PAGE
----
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The following is presented as part of The Columbian’s Opinion content, which offers a point of view in order to provoke thought and debate of civic issues. Opinions represent the viewpoint of the author. Unsigned editorials represent the consensus opinion of The Columbian’s editorial board, which operates independently of the news department.

In Our View: Step up Safety of Trains

Congress must back Herrera Beutler bill to reinstate electronic braking rule

The Columbian
Published: January 7, 2019, 6:03am

Although a proposal for an oil terminal at the Port of Vancouver was rejected last year, oil trains continue to roll through Clark County toward their destination. The safety of trains through the heart of Vancouver, near residential neighborhoods and the new Waterfront Vancouver development, remains a concern for local residents.

Because of that, a miscalculation on the part of the Trump administration is noteworthy. In rolling back Obama-era safety measures, U.S. Department of Transportation officials underestimated the effectiveness of those measures and erred on behalf of the railroad industry. The Associated Press reports, “A government analysis used by the administration to justify the cancellation omitted up to $117 million in estimated future damages that could be avoided by using electronic brakes.”

Rep. Jaime Herrera Beutler, R-Battle Ground, has introduced legislation to reinstate rules requiring electronic braking on trains carrying either crude oil or flammable liquids. That legislation was introduced before The Associated Press report revealed the miscalculation, and the new information should give lawmakers additional impetus for reinstating the rules. “For the sake of our Columbia River Gorge communities and our environment, we need stronger safety measures when it comes to transporting hazardous materials by rail,” Herrera Beutler said.

In 2015, the Obama administration began requiring electric pneumatic brakes, which work simultaneously on all cars of a train and result in quicker stops and less frequent derailments. Current braking systems deploy sequentially on the cars, and rail safety expert Steven Ditmeyer told The Associated Press: “These ECP brakes are very important for oil trains. It makes a great deal of sense. All the brakes get applied immediately, and there would be fewer cars in the pileup.”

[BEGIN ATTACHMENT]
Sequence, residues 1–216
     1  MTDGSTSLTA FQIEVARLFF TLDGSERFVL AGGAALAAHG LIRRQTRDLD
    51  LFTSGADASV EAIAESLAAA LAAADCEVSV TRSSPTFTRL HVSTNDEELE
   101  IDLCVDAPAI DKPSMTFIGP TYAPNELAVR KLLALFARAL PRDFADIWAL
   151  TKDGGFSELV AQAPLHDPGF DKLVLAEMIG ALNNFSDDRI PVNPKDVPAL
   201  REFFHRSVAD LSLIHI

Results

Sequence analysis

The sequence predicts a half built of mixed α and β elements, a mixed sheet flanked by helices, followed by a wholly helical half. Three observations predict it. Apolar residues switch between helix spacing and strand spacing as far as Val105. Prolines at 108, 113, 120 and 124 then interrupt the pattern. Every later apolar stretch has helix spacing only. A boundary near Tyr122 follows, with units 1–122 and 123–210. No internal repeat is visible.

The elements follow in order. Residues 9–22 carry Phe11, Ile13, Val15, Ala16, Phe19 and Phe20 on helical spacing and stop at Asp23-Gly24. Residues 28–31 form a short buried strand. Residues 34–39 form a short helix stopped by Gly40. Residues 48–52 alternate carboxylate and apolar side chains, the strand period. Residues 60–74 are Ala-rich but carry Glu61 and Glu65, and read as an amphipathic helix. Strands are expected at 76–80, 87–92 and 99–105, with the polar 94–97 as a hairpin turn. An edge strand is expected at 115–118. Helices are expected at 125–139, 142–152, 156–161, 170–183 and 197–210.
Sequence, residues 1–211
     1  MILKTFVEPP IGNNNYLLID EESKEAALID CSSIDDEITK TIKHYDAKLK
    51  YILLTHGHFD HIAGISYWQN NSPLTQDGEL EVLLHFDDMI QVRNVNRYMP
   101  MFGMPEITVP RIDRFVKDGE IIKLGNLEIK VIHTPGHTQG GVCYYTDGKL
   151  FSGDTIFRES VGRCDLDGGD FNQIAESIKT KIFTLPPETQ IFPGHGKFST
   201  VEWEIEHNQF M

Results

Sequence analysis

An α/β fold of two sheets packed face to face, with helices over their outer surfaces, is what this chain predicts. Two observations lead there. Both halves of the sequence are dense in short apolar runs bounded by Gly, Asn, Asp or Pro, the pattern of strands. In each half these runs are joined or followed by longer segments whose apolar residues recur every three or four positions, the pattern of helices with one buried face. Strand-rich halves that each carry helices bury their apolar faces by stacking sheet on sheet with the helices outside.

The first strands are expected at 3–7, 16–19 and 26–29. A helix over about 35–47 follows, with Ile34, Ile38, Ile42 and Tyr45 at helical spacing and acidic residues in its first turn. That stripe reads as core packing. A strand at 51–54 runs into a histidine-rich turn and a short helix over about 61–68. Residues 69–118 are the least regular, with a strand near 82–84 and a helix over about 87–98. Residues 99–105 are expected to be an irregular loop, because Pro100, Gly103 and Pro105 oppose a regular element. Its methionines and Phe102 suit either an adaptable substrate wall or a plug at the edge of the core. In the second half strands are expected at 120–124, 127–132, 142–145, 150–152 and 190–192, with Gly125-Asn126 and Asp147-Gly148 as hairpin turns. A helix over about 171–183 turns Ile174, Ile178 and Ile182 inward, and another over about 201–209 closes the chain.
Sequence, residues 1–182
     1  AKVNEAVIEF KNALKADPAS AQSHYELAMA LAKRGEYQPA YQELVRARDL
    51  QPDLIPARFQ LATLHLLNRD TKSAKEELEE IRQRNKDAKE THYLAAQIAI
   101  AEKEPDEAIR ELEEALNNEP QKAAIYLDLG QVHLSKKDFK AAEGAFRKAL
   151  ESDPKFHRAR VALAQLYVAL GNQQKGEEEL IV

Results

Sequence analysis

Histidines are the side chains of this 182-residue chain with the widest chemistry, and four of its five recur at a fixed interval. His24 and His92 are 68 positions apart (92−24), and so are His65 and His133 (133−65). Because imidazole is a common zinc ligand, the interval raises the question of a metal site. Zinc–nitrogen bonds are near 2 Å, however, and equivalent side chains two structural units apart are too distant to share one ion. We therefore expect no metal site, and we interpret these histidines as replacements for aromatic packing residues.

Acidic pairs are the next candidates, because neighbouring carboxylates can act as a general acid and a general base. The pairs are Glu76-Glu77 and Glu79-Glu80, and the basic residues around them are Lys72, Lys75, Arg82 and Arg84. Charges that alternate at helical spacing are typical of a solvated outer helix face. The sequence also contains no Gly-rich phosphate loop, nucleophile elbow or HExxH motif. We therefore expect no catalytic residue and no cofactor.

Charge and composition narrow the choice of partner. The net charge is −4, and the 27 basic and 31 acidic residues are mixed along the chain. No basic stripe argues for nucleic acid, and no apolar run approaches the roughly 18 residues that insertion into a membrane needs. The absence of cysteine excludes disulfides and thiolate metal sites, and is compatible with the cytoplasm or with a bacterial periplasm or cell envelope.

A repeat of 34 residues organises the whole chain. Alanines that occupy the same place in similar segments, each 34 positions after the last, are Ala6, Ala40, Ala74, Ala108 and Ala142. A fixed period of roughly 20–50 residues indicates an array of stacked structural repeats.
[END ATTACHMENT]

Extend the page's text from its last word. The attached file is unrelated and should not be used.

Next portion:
The railroad industry has opposed implementation of the rule, which the Obama administration estimated would cost $664 million over 20 years and save between $470 million and $1.1 billion from accidents that would be avoided. The Trump administration used faulty calculations in overturning the rule, but officials have said they will not change their ruling.

It is no surprise the administration is willing to place citizens and the environment at risk in favor of big business. Trump’s two years in office have been marked by continual assaults on environmental regulations and by any action that has his predecessor’s name linked to it. When it comes to the potential of catastrophic train derailments, this is unconscionable. Oil-bearing trains are using technology that is more than a century old when advanced technology is readily available.

For Southwest Washington, that creates a risk. The state Department of Ecology deems the region a major oil train corridor, with about 546 million gallons of crude moving through the area during the second quarter of 2018. Trains typically travel through the Gorge and through Vancouver before turning toward refineries in the Puget Sound region. That risk was evident in 2016, when 16 cars derailed near Mosier, Ore., in the Gorge, resulting in a fire, the evacuation of the town and an oil sheen on the Columbia River.

Congress should adopt Herrera Beutler’s bill to reinstate the sensible train-safety requirements imposed by the Obama administration. Even without an oil terminal in town, Vancouver and surrounding communities should be protected as much as possible from the danger presented by oil trains.